When one of my british friends passed on to me a pic of what seemed to be just an ordinary tent-sized man-made stone structure, I quickly rung my mobilephone to ask him about what’s this intriguing photo is all about. The surprise answer was they are indeed tombs used in countries in ancient times and Oman is interestingly one of them. True enough,Oman was home to a number of ancient beehive tombs that were only ‘discovered’ by the West twenty years ago, and are relatively unspoiled, The earliest stone-built tombs which can be called “beehive” are in Oman, built of stacked flat stones that exist in nearby geological formations. As gleaned from what I researched in brief about this tombs, they are believed to date back between 2700 and 2000 BC from the Umm al Nar or Hafit period of the Bronze Age at period in time when the Arabian Peninsula was subject to much more rainfall than now, and supported a flourishing civilization in what is now desert to the west of the mountain range along the Gulf of Oman. No burial remains have ever been retrieved from these “tombs,” though there seems no other purpose for the buildings.The tombs are communal burial chambers for one, two or more people and in terms of age are comparable to the oldest of the pyramids in Egypt. The tombs are situated on an elevated terrace of the Batinah coastal plain, which is believed to be a region of copper mining and trade with Mesopotamia and the Indus Valley during this period.
Dating back to history, Messenia holds the record for the oldest beehive tomb discovery. Due probably to the large influence the Minoans had over the Aegean region at the time, the Minoan style of burial, the chamber tomb, had been the most frequent style used from about 1600 B.C.E. to 1100 B.C.E., After about 1500 B.C.E., beehive tombs became more widespread, suggesting to many archaeologists that the influence of the Minoans was in decline. From Messenia, the beehive tomb spread to other areas of Greece, particularly Argolid, Laconia, and Attica. Beehive tombs, are a monumental Late Bronze Age development of the Mycenaean civilization that eventually replaced the old style of chamber tombs. It was named such after the vaulted dome shape of the main burial chamber that resembles the shape of a beehive.The change in burial styles has been a significant development in archaeology for it signifies a shift in ancient Greek society. The beehive tomb required considerable effort to construct, and thus was only available to powerful leaders. The appearance of similar structures in different cultures is also of interest to social scientists, in some cases indicating the influence of one civilization over others, in other cases indicating the lack of sufficient common features, suggesting independent development of the structures. In all cases, however, the beehive tombs are a fascinating example of human creativity and desire to respect and honor those whose lives impacted their society.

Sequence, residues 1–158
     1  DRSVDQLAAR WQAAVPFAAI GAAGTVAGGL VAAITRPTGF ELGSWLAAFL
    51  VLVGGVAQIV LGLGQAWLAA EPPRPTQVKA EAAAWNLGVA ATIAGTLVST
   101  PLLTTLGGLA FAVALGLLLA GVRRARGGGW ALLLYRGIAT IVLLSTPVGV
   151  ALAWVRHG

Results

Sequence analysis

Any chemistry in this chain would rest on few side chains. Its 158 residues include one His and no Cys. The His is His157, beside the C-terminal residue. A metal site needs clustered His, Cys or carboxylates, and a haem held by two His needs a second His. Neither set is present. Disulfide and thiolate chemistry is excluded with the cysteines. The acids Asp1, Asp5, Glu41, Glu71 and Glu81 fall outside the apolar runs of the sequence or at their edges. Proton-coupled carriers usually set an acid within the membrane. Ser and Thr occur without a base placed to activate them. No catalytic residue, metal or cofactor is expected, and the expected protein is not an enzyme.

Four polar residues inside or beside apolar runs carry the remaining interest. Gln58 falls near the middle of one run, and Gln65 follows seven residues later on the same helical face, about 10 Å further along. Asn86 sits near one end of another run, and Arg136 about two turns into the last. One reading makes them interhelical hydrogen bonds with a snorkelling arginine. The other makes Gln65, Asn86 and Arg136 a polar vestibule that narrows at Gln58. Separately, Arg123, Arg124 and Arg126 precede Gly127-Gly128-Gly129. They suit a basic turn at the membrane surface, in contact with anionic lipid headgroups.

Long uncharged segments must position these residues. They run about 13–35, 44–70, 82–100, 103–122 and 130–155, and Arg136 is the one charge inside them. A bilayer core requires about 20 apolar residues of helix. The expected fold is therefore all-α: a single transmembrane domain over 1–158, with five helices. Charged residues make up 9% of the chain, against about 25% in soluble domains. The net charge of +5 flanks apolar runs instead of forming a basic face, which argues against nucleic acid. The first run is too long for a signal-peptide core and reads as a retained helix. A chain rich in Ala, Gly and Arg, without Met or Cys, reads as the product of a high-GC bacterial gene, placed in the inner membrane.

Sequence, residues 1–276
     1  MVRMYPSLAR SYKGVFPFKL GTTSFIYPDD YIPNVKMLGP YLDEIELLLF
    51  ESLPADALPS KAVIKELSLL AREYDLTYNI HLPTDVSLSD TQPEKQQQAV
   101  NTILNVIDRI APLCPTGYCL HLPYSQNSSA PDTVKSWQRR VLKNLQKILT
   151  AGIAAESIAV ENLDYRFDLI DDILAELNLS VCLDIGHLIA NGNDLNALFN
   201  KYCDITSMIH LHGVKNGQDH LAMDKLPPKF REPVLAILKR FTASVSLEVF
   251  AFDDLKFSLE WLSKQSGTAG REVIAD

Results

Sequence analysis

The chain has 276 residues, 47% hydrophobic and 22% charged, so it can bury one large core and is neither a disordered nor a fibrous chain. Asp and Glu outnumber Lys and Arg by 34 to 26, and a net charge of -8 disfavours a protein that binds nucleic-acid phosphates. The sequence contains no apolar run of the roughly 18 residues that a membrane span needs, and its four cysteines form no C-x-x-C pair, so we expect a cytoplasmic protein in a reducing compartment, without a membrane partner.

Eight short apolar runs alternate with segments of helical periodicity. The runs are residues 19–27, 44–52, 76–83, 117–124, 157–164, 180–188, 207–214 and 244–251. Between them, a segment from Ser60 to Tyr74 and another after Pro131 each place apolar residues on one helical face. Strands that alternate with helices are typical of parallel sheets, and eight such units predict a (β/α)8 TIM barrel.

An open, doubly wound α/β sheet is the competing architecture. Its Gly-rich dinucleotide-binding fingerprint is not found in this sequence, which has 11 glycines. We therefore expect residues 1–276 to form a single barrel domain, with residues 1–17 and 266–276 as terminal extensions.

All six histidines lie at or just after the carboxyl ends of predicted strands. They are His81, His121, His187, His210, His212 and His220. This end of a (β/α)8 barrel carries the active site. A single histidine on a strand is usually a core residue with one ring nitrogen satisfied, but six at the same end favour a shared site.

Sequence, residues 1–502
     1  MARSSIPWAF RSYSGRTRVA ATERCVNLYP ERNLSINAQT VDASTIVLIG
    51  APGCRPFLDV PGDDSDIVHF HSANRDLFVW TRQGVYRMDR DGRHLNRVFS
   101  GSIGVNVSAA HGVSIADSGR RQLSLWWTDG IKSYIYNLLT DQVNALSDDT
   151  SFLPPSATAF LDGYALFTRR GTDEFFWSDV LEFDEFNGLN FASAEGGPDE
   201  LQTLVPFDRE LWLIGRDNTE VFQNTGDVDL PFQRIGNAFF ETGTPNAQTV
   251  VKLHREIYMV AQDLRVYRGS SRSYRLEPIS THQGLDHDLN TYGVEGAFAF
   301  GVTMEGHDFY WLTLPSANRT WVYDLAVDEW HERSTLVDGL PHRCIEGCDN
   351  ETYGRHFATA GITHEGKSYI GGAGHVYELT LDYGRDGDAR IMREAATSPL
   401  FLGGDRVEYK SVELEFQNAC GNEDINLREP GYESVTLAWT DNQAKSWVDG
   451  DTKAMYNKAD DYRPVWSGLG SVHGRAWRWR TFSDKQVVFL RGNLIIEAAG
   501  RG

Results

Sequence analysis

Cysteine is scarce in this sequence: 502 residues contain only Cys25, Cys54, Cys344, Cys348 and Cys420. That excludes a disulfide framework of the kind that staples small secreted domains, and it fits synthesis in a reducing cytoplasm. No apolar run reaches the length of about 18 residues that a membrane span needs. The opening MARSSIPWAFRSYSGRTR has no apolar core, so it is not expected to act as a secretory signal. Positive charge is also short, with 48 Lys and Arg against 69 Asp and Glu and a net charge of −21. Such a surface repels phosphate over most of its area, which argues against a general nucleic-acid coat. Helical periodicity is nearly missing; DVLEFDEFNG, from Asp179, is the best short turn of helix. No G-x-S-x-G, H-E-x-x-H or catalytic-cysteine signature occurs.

The way the people treat the dead at this ancient times gives some archaeologist reason to think and ponder about the mentality of long gone civilizations. Developments in tomb structures usually correlate with developments in society. Hence, although the reason for the switch from chamber to beehive tombs remains in contention among archaeologists, there are nonetheless many who are in agreement due to social implications arising from the change. As beehive tombs became more popular in Greece, they began to become regulated to the highest class of citizens; only royalty and the highest non-royalty bureaucrats and their families were entombed in beehive structures.